Enemy AI has also been refined to the point where if you ever find yourself out in the open, don’t expect to live longer than ten seconds. Sneaking into the train shed, I raised my crossbow, took time to take aim and with a silent twang, watched as the nearest CELL Agent fell to his knees, arrow in the back of his skull. Then the bullets started flying. I hadn’t noticed, but off in the distance was another CELL agent, patrolling from a higher platform. Within seconds, another had run up the stairs and into another room, hiding from me and cutting off my only means of escape. Attacking enemies is difficult, as they rarely follow any specific attack pattern, opting instead to actively hunt for you in groups. But if you do manage to wipe out a group, don’t expect the handful of survivors to hang around.

This aggressive response makes taking a stealth approach difficult, but achievable. Enemies will rarely act in a manner that will overtly place them in a vulnerable position when acting alone. It’s dynamic programming which is able to respond to almost any situation you throw at it, so you’ll have to consider each step you take.

The finest addition to the game however, is Prophets’ crossbow – a weapon that makes everything else look dull by comparison. The choice of regular, electronic, or explosive bolts opens up more options, provided you remember to use them. CELL turrets were tearing me to pieces before I remembered the electronic bolts, which fried the turrets in an instant. But despite your mighty arsenal, Crysis 3 constantly reminds you that you’re not the only super soldier – CELL possessing armour and weapons that are almost, if not more, powerful than yours. Pumping enemies full of bullets will eventually take them down, but strategically planned, well placed shots will quickly become your preferred method of attack.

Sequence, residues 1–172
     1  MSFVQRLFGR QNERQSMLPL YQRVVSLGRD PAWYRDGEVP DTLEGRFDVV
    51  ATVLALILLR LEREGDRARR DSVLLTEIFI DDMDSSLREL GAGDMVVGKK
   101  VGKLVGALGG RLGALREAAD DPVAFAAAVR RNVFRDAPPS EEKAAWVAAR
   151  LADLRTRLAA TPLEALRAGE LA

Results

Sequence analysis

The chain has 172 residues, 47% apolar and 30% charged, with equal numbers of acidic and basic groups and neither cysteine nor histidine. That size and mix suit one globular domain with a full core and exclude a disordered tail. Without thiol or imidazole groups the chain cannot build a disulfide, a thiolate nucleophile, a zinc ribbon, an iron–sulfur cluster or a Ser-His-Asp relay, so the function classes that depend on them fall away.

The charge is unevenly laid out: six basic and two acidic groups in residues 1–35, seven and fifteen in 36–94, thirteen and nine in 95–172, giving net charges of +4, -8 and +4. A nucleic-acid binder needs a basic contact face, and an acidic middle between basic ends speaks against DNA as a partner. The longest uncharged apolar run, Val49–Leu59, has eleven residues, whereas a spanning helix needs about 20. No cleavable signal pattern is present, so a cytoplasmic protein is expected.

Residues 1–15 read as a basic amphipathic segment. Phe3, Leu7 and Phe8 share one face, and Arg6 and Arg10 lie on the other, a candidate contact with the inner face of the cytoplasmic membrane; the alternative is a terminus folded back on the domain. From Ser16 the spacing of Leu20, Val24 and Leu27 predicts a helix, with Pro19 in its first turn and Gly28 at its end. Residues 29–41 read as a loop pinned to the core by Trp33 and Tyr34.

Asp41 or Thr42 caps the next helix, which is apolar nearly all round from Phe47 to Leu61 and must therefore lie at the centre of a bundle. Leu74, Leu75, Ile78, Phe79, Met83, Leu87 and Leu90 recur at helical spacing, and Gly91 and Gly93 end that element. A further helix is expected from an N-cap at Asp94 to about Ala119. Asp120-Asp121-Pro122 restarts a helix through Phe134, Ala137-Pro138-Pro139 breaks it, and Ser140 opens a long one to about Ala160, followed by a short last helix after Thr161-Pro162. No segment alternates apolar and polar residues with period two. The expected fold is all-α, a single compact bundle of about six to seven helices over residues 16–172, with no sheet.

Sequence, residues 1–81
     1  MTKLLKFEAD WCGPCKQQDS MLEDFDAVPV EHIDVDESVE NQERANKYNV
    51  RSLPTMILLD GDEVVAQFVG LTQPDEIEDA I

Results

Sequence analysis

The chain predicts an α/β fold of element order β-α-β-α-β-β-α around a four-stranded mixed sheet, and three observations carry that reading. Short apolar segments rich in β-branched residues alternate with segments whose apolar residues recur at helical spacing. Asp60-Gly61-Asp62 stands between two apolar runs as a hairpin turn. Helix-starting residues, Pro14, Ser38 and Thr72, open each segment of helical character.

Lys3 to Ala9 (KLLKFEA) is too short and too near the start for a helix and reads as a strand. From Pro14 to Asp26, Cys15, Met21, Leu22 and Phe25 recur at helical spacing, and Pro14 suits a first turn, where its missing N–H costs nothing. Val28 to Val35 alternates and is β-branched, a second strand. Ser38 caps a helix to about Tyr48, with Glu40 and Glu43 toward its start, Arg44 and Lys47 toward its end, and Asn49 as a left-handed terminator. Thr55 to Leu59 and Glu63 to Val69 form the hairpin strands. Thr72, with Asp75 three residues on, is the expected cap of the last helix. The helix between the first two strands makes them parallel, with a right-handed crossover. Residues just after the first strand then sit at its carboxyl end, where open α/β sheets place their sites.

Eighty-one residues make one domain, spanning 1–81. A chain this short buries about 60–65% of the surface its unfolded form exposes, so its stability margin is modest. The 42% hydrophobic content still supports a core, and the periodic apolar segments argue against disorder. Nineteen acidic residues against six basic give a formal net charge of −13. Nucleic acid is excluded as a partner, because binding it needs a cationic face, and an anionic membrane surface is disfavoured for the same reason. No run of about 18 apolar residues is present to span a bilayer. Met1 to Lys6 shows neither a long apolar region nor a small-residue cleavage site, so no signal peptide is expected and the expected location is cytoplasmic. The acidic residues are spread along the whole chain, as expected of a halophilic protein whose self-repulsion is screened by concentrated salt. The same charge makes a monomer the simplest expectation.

Hunt or be hunted.

Hunt or be hunted.

The Nano Suit has been tweaked, adding a few small new features, but mostly refining what was already there. Different cloaking and reinforcement options add to the versatility on offer, as does the welcome addition of firing the crossbow while in stealth mode. While I wasn’t gifted with any upgrades, I was able to take a peek at the Nano Suit upgrade menu, and by the looks of things, following particular paths is streamlined, but detailed. If I had to mention some drawbacks (and I do), it would be that at times the demo felt a little padded out and that the voice acting is pretty average.

At its core, Crysis 3 is an action game, but it’s an action game with a variety of options. You can run in and try to unashamedly blast all your enemies in the face, or you can strategically work your way forward, popping off enemies with finesse. You can run up the stairs, or you can use boost jump and take the less obvious route via the top of the trains. But most importantly, Crysis 3 captured that awesome feeling of being a bad-arse, fast moving wrecking machine, whose only job is to hunt down the threat, and neutralise it. You’ve only got a couple weeks Crysis fans. Start upgrading your rigs.

Crysis 3 will be available on Xbox 360, PlayStation 3 and PC on February 21st.